Lauris Wren, a Williams College and Columbia University Law School graduate, started the Political Asylum Clinic at Hofstra University School of Law. Through the Asylum Clinic (as the clinic is now known), students represent applicants for asylum – people who have fled their countries because of persecution on account of race, religion, nationality, political opinion or membership in a particular social group. The Asylum Clinic's clients have come from countries such as Chad, Jordan, Cameroon, Venezuela, Peru, Chile, Nepal, Nigeria, Albania, Tibet, Trinidad and Tobago, Cote d'Ivoire, Congo, El Salvador and Haiti.
The Asylum Clinic has been featured in two articles in Newsday: "Their Legal Lifesavers: Truly Remarkable Clinic," (9/2/04) and "When Students Win, So Do Asylum Seekers," (3/14/2005), as well as in the November/December 2005 edition of Immigration Law Today ("Hofstra University's Political Asylum Clinic: Teaching the Benefits of Pro Bono Work"). Ms. Wren has also been honored by the Central American Refugee Center for her "deep commitment and dedicated work on behalf of immigrants and refugees" and by Nassau County for "significant contributions for the enhancement of our region and the betterment of our residents."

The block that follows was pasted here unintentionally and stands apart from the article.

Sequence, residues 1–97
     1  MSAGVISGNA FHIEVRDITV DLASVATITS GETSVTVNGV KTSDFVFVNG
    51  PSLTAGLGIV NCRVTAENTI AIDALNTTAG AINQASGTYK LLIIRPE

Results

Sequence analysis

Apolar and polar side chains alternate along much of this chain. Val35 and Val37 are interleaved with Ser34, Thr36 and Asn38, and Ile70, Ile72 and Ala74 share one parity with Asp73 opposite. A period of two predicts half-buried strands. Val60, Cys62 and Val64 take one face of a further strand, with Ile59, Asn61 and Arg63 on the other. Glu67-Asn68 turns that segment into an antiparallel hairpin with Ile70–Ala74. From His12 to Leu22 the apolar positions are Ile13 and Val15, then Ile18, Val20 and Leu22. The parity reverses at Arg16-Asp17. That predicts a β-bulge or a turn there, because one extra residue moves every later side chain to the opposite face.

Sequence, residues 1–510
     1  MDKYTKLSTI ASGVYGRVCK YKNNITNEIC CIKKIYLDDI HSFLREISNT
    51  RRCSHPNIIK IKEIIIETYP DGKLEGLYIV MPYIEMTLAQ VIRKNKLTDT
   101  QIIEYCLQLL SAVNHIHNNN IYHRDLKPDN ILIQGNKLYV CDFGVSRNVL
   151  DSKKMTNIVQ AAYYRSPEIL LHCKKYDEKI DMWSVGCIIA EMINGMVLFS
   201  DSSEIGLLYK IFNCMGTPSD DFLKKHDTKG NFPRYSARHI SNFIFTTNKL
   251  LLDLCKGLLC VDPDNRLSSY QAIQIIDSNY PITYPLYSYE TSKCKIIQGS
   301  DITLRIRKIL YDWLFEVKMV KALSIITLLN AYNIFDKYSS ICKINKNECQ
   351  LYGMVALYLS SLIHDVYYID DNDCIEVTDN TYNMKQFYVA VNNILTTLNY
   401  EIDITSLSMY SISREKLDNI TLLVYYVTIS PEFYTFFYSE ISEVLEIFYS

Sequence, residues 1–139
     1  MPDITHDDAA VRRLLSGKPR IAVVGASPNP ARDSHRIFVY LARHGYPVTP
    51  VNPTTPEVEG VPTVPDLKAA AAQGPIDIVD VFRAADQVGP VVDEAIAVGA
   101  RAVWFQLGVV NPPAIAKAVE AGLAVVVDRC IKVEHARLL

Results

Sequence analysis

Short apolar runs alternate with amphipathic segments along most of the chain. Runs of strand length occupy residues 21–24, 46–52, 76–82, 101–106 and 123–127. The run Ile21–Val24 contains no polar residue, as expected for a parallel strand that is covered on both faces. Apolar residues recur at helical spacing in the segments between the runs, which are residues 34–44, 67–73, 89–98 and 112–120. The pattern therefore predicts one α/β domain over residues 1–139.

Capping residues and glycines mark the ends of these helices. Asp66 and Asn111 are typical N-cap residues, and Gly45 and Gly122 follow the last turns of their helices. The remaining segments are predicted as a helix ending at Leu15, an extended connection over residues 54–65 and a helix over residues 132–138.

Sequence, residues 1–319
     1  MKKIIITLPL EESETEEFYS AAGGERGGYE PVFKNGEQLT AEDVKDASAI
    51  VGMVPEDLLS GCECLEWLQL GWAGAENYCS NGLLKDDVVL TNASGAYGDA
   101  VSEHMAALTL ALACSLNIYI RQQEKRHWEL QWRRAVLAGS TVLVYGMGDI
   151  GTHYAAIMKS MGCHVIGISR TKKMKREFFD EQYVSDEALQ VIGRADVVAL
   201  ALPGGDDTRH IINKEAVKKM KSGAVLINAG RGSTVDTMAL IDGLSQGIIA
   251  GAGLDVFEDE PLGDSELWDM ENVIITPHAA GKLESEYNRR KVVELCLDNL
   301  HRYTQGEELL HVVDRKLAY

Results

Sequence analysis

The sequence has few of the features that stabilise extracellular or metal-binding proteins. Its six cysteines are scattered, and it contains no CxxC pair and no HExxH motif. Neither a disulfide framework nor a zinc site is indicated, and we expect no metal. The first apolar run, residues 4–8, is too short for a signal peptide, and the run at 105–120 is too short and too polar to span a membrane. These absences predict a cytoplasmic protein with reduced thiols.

Previously, Ms. Wren was the director of the Refugee Assistance Program at the Association of the Bar of the City of New York, where she recruited, trained and supervised pro bono attorneys in the representation of immigrants applying for political asylum. Ms. Wren also worked for several years at the Central American Refugee Center (CARECEN) in Hempstead, New York, representing Central Americans in political asylum and cancellation of removal cases, as well as with the Criminal Appeals Bureau of the Legal Aid Society in New York, New York. Attempting to assist the victims of human rights abuses abroad as well as domestically, Ms. Wren has worked with many human rights organizations in Mexico and Central America and has participated in human rights missions in various areas of the world. She worked intensively with immigrant victims of the terrorist attacks in New York and also has assisted immigrant communities affected by Special Registration and other policies passed in the wake of the terrorist attacks.